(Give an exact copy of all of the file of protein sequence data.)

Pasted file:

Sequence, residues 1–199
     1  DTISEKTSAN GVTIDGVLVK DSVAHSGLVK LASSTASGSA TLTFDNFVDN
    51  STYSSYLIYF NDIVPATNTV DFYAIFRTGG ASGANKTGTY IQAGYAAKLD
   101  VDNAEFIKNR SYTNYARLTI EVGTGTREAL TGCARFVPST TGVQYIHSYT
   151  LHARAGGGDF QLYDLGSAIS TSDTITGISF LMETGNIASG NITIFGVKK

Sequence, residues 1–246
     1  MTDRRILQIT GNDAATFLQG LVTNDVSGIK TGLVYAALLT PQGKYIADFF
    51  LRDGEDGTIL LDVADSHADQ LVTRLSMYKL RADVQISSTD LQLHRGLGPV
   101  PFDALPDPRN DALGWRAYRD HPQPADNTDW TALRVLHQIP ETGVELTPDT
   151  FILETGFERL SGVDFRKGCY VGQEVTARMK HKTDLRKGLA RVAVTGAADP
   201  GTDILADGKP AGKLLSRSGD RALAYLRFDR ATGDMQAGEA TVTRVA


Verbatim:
Sequence, residues 1–199
     1  DTISEKTSAN GVTIDGVLVK DSVAHSGLVK LASSTASGSA TLTFDNFVDN
    51  STYSSYLIYF NDIVPATNTV DFYAIFRTGG ASGANKTGTY IQAGYAAKLD
   101  VDNAEFIKNR SYTNYARLTI EVGTGTREAL TGCARFVPST TGVQYIHSYT
   151  LHARAGGGDF QLYDLGSAIS TSDTITGISF LMETGNIASG NITIFGVKK

Sequence, residues 1–246
     1  MTDRRILQIT GNDAATFLQG LVTNDVSGIK TGLVYAALLT PQGKYIADFF
    51  LRDGEDGTIL LDVADSHADQ LVTRLSMYKL RADVQISSTD LQLHRGLGPV
   101  PFDALPDPRN DALGWRAYRD HPQPADNTDW TALRVLHQIP ETGVELTPDT
   151  FILETGFERL SGVDFRKGCY VGQEVTARMK HKTDLRKGLA RVAVTGAADP
   201  GTDILADGKP AGKLLSRSGD RALAYLRFDR ATGDMQAGEA TVTRVA